The options for things to do are also endless: amazing restaurants, pubs, bars and spaces that really make you feel like you're in New York, London, or Paris. Don't get me wrong, there are many little quirks that quickly remind you that you are in fact living in China, but there is much ignorance among Westerners of what China is like. I often have to remind my friends back home that I have access to everything they have, if not more of it, in unhealthy quantities. The only difference is that everything here is more difficult; doing business, traveling, ordering food, going to the doctor, getting groceries etc. It's not home, and you can't expect to leave home to find all the luxuries of home.
I recommend Shanghai to everyone, but it's a place you need a lot of time for. The best way I can put it is that it's an amazing city to live in, but not one that is as amazing to visit for a short time. There is always a new place opening up, new party, or Sunday Funday planned and its geographical location allows you to see many parts of Asia; making it an ideal place to call home.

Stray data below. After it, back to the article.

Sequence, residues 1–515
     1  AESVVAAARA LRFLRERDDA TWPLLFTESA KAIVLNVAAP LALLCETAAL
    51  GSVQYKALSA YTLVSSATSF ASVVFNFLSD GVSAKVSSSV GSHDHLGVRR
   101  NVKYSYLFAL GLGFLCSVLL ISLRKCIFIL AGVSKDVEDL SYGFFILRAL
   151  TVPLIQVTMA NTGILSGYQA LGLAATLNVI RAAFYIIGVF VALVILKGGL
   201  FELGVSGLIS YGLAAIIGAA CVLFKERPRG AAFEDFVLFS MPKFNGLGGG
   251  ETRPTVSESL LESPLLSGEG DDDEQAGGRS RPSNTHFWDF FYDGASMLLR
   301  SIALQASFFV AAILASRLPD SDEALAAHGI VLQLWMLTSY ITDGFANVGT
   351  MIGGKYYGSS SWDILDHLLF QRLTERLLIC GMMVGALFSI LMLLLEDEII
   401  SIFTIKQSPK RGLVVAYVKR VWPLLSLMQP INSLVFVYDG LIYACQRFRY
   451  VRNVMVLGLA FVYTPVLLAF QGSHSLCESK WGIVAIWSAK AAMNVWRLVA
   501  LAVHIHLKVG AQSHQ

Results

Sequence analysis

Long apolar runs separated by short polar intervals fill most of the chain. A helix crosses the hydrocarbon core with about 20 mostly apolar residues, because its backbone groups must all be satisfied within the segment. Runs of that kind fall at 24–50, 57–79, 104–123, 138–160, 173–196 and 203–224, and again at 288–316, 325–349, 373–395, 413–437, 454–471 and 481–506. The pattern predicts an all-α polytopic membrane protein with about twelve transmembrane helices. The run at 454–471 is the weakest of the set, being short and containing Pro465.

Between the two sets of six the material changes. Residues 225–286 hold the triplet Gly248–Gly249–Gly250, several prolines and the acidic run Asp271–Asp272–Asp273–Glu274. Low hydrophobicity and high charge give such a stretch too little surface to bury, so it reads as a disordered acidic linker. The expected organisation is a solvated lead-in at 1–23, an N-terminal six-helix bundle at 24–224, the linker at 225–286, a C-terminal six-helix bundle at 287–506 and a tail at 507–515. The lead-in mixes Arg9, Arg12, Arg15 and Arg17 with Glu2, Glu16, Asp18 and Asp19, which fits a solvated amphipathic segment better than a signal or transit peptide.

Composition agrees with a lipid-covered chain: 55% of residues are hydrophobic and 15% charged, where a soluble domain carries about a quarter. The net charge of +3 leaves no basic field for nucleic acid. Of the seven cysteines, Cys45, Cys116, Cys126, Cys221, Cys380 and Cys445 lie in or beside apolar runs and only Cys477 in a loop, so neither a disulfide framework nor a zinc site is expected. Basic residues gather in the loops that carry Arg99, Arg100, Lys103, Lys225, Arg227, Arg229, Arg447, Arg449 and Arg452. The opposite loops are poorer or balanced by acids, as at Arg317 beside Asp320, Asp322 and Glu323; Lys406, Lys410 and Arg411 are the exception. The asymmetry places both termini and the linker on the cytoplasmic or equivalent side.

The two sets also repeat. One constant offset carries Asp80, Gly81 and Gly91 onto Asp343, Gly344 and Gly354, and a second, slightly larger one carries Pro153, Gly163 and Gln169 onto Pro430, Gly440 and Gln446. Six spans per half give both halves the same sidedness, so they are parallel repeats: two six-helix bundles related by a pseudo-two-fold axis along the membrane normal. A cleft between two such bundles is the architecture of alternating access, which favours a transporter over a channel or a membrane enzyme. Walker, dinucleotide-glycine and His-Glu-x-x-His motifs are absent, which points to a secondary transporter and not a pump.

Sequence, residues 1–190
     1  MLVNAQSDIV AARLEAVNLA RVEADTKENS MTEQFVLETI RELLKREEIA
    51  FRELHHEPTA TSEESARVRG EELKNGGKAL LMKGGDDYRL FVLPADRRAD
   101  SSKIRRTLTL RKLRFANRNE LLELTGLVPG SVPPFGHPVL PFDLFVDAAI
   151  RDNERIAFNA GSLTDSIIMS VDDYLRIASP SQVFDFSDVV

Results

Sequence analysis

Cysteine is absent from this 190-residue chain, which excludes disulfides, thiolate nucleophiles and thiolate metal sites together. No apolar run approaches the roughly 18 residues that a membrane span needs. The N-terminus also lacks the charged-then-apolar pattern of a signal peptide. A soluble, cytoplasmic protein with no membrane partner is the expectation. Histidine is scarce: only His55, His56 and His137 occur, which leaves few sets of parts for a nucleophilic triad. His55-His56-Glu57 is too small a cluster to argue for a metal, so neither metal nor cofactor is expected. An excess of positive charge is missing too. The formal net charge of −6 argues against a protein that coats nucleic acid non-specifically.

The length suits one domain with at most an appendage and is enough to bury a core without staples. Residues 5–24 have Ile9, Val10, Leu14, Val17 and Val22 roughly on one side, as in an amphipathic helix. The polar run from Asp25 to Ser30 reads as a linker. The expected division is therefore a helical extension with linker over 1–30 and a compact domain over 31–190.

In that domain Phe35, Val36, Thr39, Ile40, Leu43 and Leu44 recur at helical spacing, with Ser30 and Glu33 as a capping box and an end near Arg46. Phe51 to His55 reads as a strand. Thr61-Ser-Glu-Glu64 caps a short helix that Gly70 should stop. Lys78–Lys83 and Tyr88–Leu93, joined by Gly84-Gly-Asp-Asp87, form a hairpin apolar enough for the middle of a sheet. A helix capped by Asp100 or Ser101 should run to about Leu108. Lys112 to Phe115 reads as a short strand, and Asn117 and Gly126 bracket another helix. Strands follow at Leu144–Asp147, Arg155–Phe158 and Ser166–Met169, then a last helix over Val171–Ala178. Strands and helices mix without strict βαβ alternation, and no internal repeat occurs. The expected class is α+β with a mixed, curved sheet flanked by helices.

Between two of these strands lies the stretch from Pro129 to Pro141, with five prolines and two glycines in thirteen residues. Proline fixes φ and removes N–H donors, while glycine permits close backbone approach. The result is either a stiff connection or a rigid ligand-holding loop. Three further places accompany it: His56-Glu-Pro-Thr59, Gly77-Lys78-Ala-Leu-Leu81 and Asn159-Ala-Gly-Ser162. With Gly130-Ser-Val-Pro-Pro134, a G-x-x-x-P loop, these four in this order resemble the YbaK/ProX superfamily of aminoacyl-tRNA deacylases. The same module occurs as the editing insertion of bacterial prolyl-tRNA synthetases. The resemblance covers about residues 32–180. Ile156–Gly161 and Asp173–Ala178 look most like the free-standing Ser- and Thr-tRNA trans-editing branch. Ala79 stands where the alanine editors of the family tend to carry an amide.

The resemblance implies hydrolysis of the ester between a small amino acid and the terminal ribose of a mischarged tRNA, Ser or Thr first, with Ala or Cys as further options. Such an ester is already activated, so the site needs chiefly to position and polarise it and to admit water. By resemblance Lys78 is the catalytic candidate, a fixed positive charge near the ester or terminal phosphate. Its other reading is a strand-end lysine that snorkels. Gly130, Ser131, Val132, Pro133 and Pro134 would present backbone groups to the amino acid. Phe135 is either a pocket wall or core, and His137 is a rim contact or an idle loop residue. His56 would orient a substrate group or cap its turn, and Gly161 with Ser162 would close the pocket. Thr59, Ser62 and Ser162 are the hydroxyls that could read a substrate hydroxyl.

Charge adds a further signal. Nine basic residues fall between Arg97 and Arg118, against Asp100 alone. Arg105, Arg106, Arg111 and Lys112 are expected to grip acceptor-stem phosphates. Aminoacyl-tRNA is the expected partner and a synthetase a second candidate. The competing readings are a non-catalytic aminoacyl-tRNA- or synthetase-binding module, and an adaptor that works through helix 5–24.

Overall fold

Watching the Pudong skyline change, visiting the endless art galleries & city parks, eating the world’s best xialongbao, wandering & biking the French Concession for the best brunches and Bloody Mary’s, and drinking wine & coffee in a country that has now become the largest consumer of both, are just some of my favorite things to do here.
Shanghai is in fact a very Western city and China is in fact a very developed country that has much to offer.
Advice for people wanting to travel:
JUST GO. Stop thinking about it and don't make a strict itinerary for yourself. Have a plan and an idea of what you want to see, but allow yourself room to go with the flow. Book a one-way ticket and land without a hotel; it will be fine, you'll see, things just click and workout. Resorts are good for R&R and we all need that sometimes, but if you want life changing, eye opening experiences and inspiration, they are not the routes to go. The same goes for tours. Maps, buses, bikes, scooters, trains and taxis all exist. Please don't go on a bus tour or walking tour. Get a local to give you some pointers and just GO.